Reviewing code is hard, especially because reviewers tend to inherit some responsibility for problems the code causes later. That can lead to churn while they try to develop confidence that new submissions are ready to merge.
I submit a lot of code for review, so I’ve been through a lot of that churn. Over the years I’ve found a few things that help make it easier for my reviewers to develop confidence in my submissions, so I decided to write a checklist. ✔️
The code I write lives in diverse repos governed by diverse requirements. A lot of the items in my checklist are there to help make sure I don’t mix up the issues I’m working on or the requirements of the repos I’m working in.
This isn’t a guide on writing good code. You can spend a lifetime on that topic. This is a quick checklist I use to avoid common mistakes.
This is written for Pull Requests submitted in git repos hosted on GitHub, but most of its steps are portable to other platforms (e.g. Perforce). It assumes common project features, like a contributing guide. Adjust as needed.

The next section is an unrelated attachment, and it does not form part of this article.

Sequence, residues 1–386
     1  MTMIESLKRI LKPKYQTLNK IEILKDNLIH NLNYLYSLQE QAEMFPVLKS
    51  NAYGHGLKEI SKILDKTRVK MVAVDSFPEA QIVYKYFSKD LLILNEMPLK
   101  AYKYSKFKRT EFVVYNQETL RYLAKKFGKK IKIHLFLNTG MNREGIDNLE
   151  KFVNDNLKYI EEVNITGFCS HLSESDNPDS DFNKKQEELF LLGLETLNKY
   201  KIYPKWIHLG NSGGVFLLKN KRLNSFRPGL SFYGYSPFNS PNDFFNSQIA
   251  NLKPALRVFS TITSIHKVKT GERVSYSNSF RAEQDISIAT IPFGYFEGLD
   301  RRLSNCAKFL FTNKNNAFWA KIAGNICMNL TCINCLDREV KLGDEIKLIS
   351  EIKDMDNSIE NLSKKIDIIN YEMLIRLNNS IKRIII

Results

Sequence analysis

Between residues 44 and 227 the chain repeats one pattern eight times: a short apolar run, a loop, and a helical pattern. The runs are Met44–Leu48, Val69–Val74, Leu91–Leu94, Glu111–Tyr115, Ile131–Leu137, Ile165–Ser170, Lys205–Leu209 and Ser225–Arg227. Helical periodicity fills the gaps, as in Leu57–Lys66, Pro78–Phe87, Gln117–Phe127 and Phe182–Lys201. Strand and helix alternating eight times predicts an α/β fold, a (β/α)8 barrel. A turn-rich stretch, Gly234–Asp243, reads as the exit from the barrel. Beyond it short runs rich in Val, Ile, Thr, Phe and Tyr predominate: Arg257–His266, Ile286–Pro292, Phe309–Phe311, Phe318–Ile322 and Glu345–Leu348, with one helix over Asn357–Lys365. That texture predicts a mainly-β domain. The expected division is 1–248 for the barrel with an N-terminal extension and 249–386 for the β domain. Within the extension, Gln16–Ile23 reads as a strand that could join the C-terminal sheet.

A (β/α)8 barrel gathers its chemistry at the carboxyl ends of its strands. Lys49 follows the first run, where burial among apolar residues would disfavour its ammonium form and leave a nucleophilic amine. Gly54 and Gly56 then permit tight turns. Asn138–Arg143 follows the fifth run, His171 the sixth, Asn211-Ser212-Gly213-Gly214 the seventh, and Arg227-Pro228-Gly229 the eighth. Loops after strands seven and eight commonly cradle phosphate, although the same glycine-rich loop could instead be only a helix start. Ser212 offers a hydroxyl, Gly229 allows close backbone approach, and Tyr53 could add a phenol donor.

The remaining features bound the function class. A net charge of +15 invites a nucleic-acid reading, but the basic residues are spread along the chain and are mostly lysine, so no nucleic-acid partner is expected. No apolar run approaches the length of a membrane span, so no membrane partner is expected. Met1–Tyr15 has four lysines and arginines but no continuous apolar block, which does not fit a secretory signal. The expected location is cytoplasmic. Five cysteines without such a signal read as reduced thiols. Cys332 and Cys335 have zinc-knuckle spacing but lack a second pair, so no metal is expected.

Immediately before submitting:
- Reread the issue.
- Merge the latest changes from the target branch (e.g.
- Reread the diff line by line.
- Rerun all tests. If the project doesn’t have automated tests, you can still:
- Run static analysis tools on every file you changed.
- Manually exercise new functionality.
- Manually exercise existing functionality to make sure it hasn’t changed.
- Check if any documentation needs to be updated to reflect your changes.
- Check the rendering of any markup files (e.g.
README.md) in the GitHub UI.
- There are remarkable differences in how markup files render on different platforms, so it’s important to check them in the UI where they’ll live.
- Reread the project’s contributing guide.
- Write a description that:
- Links to the issue it addresses.
- Gives a plain English summary of the change.
- Explains decisions you had to make. Like:
- Why you didn’t clean up that one piece of messy code.
- How you chose the libraries you used.
- Why you expanded an existing module instead of writing a new one.
- How you chose the directory and file names you did.
- Why you put your changes in this repo, instead of that other one.
- Lists all the tests you ran. Include relevant output or screenshots from manual tests.
There’s no perfect way to submit code for review. That’s why we still need humans to do it. The creativity and diligence of the engineer doing the work are more important than this checklist. Still, I’ve found that these reminders help me get code through review more easily.
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